Considering these pros and cons is essential when selecting the right tent for your camping needs.

How to Choose the Right Non-Freestanding Tent

When choosing the right non-freestanding tent for your needs, you will want to consider a few factors.

First, consider the size of the tent you need. Most non-freestanding tents usually come in one and two-person sizes, but they can feel, at times, more cramped depending on the configuration.

Second, consider the tent’s weight and how easy it is to transport within your backpack. Non-freestanding tents generally weigh less than freestanding models, making them easier to carry long distances comfortably.

Next, you want to think about vestibule space. For many thru-hikers, a one-person tent is a plenty, but without storage space, you leave your gear out and possibly exposed.

Finally, you want to consider the type of weather you will be camping in and choose a tent accordingly. DCF tents will tend to be damaged in heavy hails and can be very noisy in the rain.

With the right non-freestanding tent, you can enjoy the benefits of a lightweight, easy-to-transport shelter without sacrificing performance.

Pitching a Non-Freestanding Tent

Pitching a non-freestanding tent requires a bit more effort than a freestanding tent, but with a little practice, you can quickly and easily set up your tent.

Start by staking out the corners and then propping the tent up with both trekking poles or a single pole (depending on the model).

Once the poles and stakes are in place, use the guylines to provide additional stability, and then secure and adjust the tension of the guylines to fit your needs.

Finally, install the rainfly (if applicable), and you’re ready to go!

Sizing Your Non-Freestanding Tent

When sizing your non-freestanding tent, you want to consider the distance of your hike, the number of people using the tent, and the amount of gear you need to store.

If you’re planning on traveling with a partner, you’ll want to find a tent with enough space for two people to sleep comfortably or two individual tents to ensure you both have full shelter.

The only other key thing is the peak height which can mean a big difference in sitting on your rear or leaning while standing up, and the length, which matters a lot for you, the taller you are.

Materials Used in Non-Freestanding Tents

Non-freestanding tents are typically made from lightweight, mostly breathable, and waterproof fabrics designed to keep you safe and dry outdoors.

The most common materials are nylon and polyester, which provide good durability and reliability at an excellent cost.

  • Nylon is usually a bit more expensive but is more lightweight and has better tear strength.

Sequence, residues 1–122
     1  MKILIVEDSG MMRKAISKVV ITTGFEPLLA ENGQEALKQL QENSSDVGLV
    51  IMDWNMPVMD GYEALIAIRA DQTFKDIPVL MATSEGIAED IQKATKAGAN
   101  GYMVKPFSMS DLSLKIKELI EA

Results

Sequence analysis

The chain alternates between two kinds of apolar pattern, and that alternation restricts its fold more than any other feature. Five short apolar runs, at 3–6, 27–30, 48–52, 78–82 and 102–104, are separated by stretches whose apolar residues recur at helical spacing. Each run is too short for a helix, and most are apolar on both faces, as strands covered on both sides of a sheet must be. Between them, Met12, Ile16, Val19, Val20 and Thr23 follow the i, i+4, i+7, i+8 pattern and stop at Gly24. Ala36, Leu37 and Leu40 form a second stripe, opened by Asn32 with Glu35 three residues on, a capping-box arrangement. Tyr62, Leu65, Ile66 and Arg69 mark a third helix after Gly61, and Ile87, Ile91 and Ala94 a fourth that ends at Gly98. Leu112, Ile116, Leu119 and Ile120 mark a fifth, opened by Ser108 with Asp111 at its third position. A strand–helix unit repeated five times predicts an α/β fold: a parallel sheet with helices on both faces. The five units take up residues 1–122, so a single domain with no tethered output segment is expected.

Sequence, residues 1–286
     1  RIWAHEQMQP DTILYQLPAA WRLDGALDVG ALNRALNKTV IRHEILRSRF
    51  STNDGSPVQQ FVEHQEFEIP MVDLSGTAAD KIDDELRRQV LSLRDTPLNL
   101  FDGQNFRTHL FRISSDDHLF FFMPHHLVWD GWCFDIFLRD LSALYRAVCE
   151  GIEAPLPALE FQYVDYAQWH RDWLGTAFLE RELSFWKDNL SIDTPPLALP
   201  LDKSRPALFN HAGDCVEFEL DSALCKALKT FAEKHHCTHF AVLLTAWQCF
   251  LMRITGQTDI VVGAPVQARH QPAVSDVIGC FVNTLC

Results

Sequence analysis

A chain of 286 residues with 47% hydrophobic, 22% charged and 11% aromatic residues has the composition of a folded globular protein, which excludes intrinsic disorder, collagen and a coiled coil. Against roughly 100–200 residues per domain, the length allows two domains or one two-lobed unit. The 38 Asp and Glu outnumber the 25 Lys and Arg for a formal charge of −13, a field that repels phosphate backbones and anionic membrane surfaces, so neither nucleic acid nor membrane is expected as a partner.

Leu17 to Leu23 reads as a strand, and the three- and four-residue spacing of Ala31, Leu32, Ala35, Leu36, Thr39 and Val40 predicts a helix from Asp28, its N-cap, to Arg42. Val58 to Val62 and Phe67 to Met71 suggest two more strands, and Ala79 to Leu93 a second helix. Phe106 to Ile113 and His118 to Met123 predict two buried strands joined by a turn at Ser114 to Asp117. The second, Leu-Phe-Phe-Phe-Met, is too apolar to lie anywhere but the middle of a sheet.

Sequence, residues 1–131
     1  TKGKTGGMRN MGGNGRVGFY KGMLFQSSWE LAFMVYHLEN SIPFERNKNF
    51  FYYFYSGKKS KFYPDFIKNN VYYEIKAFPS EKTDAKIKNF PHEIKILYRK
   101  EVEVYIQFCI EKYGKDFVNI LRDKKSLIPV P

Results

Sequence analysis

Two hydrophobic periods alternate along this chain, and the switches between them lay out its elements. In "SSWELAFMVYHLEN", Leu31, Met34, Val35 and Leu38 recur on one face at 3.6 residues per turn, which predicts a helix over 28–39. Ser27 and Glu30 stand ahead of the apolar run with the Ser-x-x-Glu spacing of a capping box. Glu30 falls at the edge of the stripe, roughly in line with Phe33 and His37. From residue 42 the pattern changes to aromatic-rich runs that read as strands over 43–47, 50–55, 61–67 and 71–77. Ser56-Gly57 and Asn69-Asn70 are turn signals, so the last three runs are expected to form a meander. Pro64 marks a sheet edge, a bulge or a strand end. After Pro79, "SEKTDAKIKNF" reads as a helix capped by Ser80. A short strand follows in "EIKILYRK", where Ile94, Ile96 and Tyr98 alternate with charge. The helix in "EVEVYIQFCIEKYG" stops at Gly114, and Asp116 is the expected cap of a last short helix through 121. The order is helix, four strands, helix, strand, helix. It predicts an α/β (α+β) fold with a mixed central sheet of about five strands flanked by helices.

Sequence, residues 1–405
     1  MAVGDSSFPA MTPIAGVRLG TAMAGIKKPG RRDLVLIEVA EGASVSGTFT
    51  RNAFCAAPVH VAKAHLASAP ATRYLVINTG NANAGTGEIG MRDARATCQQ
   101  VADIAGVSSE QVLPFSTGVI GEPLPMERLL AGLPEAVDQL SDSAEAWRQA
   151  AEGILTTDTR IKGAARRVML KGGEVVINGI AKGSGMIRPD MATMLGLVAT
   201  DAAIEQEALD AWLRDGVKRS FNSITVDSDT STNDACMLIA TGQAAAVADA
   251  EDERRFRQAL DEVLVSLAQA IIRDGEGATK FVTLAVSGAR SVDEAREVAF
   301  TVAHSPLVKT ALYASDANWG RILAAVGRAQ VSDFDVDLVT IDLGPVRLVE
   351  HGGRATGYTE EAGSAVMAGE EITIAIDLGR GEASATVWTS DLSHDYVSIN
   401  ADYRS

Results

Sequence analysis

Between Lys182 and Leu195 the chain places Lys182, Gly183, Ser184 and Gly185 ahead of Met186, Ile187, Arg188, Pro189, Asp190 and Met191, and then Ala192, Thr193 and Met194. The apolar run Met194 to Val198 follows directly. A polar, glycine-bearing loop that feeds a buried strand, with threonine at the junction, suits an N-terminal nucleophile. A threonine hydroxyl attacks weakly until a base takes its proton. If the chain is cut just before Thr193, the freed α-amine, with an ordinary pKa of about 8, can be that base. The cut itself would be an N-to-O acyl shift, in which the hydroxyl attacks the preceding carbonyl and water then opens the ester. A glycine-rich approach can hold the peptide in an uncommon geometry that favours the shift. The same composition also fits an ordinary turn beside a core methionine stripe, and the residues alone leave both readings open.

• Polyester is usually more affordable but is more prone to abrasion and sagging over time.

There are also specialty fabrics like DCF, which we speak about below, which ultralight gear is frequently made from as it is nearly waterproof and extremely lightweight.

Additionally, many non-freestanding tents also feature taped seams and have PU or similar waterproof coatings to ensure maximum protection from the elements.

Dyneema Composite Fabrics

Regarding materials used in tents, Dyneema Composite Fabrics (DCF) is a supremely popular choice, especially in the thru-hiking community.

DCF is a waterproof material made from Dyneema fibers and polyester. This material is incredibly lightweight and robust, making it an ideal choice for tents.

DCF is also highly abrasion resistant, so it can withstand the wear and tear of being used consistently on a four to six-month thru-hike.

Additionally, DCF is known for its excellent waterproofing capabilities, meaning you don’t have to worry about your tent leaks in wet weather.

Pinnacle 2P
Zpacks Duplex
9.3/10My Score
  • This ultralight tent will allow you to push your limits and hike greater distances.
  • Specifically designed for the demands of long-distance backpacking, the award-winning Duplex hits the sweet spot when it comes to size, weight, and features.
  • Any of the four storm doors can be opened or closed independently. Leave all four open on nice weather nights for a breeze and great views.
  • Communications appear to be amazing or incredibly poor, my personal interactions have bordered on both.
  • Doors don't zipper close, this can take some adjustment for those used to more common closures.
  • The single wall thing does require some getting used to with condensation and clean up sometimes being hard to avoid.

SilNylon

SilNylon is a particular type of nylon used in the construction of tents as it is siliconized to provide waterproofing.

Its ripstop fabric is highly resistant to tears and abrasions, making it ideal for tent fabric and mostly waterproof, lightweight, and breathable.

This makes it an excellent choice for backpacking and camping tents, as it offers the perfect balance of durability and comfort.